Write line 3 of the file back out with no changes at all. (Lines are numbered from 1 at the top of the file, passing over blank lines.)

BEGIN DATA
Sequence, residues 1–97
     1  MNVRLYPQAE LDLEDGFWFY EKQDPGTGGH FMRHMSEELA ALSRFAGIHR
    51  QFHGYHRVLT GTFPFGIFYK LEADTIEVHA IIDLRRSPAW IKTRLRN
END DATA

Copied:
    51  QFHGYHRVLT GTFPFGIFYK LEADTIEVHA IIDLRRSPAW IKTRLRN